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7-Business: Japanese traders buy Brazil corn amid StarLink fear



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TITLE:  Japan Grain-Brazil corn bought amid StarLink fear
SOURCE: Reuters, by Aya Takada
DATE:   Feb 25, 2003

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Japan Grain-Brazil corn bought amid StarLink fear

TOKYO - Japanese have bought Brazilian corn in the first import deal with
the South American country since the discovery of banned biotech corn in
a U.S. shipment last year raised food safety concerns, traders said yesterday.

A major Japanese trading company bought about 16,000 tonnes of Brazilian
corn, which will be combined with Argentine corn and milo for shipment to
Japan in April, they said.

"It was an apparent move to avoid the risk of their cargo being
contaminated by (banned) StarLink corn," one trader said.

The name of the company could not be confirmed, traders said.

Some Japanese companies have been considering importing food corn from
countries other than the United States due to safety concerns since
Japan's Health Ministry discovered traces of gene-spliced StarLink corn
in U.S. imports in late December.

StarLink - spliced with a gene that is deadly to the corn borer pest -
has been approved in the United States for feed but not for human
consumption due to concerns that it might cause allergic reactions. It is
not even permitted as feed in Japan.

The discovery of StarLink corn in December was the first by the ministry
since the Japanese food safety authority adopted a zero tolerance policy
on imports of unapproved biotech crops in April 2001.

The discovery surprised Japan's food industry, which believed there was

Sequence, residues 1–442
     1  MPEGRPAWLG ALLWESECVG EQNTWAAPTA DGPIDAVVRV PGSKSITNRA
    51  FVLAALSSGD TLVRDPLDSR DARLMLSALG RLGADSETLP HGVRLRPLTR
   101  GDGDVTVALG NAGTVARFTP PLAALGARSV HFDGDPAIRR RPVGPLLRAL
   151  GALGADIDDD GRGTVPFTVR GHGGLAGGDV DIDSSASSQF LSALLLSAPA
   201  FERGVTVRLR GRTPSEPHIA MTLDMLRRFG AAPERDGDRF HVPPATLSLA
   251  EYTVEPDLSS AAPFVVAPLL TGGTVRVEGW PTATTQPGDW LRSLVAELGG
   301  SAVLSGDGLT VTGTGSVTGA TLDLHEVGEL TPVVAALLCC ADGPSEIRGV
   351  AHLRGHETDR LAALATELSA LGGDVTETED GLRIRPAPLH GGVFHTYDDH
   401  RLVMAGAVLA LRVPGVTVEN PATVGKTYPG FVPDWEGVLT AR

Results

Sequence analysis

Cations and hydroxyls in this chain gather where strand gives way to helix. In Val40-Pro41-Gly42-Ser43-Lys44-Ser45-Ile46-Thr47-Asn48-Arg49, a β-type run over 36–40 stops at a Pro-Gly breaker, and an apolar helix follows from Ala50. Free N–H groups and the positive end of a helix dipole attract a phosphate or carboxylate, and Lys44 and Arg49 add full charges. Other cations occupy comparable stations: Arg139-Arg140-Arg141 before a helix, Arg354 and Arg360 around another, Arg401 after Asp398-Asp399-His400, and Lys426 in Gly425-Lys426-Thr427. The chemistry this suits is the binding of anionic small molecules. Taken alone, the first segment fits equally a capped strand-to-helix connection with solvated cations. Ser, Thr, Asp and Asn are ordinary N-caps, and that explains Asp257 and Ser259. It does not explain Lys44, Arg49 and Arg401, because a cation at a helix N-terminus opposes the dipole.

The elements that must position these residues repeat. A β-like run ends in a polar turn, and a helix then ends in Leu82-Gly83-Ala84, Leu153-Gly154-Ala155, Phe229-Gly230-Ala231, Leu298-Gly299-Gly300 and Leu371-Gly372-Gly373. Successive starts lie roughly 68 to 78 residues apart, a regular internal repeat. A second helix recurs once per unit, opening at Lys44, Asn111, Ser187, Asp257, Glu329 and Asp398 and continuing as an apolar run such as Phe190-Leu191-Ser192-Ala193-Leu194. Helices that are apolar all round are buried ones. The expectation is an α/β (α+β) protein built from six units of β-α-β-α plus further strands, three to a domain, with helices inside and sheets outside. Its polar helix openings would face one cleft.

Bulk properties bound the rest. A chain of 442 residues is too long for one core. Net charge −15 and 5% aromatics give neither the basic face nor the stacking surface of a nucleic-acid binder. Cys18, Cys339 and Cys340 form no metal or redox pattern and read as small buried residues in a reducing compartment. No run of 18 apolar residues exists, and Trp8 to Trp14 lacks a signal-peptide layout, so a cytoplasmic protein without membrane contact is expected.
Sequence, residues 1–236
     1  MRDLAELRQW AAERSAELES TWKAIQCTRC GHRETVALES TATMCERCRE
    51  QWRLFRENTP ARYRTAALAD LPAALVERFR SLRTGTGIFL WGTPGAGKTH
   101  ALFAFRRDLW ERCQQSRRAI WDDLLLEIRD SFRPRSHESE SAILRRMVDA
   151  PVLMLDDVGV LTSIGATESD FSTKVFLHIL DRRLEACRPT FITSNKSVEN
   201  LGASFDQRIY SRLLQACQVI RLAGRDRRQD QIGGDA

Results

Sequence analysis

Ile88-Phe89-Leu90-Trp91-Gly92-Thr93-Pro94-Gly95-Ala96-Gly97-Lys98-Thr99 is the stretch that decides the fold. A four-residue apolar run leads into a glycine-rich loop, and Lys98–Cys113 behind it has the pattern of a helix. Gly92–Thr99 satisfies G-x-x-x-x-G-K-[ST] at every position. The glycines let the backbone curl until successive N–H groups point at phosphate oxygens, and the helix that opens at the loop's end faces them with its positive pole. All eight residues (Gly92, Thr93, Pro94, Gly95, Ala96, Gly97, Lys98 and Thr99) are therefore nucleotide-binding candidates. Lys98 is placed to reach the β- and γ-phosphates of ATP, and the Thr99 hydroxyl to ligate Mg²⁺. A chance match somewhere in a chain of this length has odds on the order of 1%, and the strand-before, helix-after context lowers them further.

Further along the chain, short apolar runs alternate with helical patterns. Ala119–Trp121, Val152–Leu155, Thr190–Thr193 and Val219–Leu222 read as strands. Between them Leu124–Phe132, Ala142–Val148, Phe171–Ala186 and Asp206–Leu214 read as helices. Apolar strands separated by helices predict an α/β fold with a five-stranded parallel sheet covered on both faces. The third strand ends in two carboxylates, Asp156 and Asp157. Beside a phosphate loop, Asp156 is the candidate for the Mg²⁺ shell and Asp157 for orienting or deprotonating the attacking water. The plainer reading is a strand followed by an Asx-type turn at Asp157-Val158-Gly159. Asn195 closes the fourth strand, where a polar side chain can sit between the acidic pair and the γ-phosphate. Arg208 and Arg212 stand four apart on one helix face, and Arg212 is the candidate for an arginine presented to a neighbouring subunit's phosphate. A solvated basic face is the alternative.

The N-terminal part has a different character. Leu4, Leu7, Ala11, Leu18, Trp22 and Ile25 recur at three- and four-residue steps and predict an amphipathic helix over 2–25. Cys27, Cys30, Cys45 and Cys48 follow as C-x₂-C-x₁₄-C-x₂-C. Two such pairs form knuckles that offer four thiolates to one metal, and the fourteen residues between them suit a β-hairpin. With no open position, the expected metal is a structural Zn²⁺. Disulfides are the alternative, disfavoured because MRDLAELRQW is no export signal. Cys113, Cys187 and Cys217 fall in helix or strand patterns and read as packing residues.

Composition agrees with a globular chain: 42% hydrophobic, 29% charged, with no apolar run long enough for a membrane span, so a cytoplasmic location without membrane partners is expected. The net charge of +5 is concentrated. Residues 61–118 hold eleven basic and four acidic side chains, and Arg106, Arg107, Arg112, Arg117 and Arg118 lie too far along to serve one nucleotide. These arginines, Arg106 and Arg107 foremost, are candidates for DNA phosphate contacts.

little chance of contamination after U.S. farmers stopped planting
StarLink corn in 2001.

The volume of bought Brazilian corn represented a small part of total
food corn Japanese have so far purchased for April-June shipment,
estimated at roughly 300,000 tonnes.

Traders said most Japanese buyers remain dependent on U.S. imports for
stable and affordable supplies of high-quality corn.

One trading company official said that in addition to 16,000 tonnes of
Brazilian corn, around 15,000 tonnes of Chinese corn may have been bought
for food use for the second-quarter shipment. But the remaining volume
was seen coming from the United States.

"Most Japanese companies keep buying U.S. corn while checking if it is
safe from StarLink contamination," he said.


NEW RULE PROVIDES LEEWAY

The official also cited a new Japanese rule on feed grain imports, to be
introduced by the Agriculture Ministry in April, as another reason for
most Japanese firms sticking with U.S. corn imports. Under the new rule,
the ministry will allow up to one percent of unapproved genetically
modified organisms (GMOs) in feed grains, recognising that accidental
contamination of grains can occur in production or distribution.

The new rule will open the way for Japanese grain importers to use
cargoes contaminated by StarLink for animal feed, he said. At present,
Japanese importers of food grains must destroy or ship back cargoes if
they find shipments are contaminated by unapproved GMOs.

Japan is the world's largest net corn importer with annual demand of
roughly 16 million tonnes, of which 12 million tonnes are for feed and
the rest for food and other uses.

More than 90 percent of its corn needs comes from the United States, the
world's largest corn exporter.

Japanese feed makers, meanwhile, have remained slow buyers of U.S. corn
in recent weeks due to high U.S. premiums and looming sales of feed
grains from government stockpiles.

Feed makers have so far covered about 40 percent of their corn needs for
April-June, or 1.2 million tonnes, traders said.

U.S. corn C&F premiums for the second quarter stayed high at around 117-
118 cents over the Chicago Board of Trade May futures.

The Mixed Feed Supply Stabilisation Organisation, which holds 670,000
tonnes of corn and 130,000 tonnes of milo in stockpiles with financial
assistance from the Agriculture Ministry, plans to sell 150,000 tonnes of
grain from stock in April.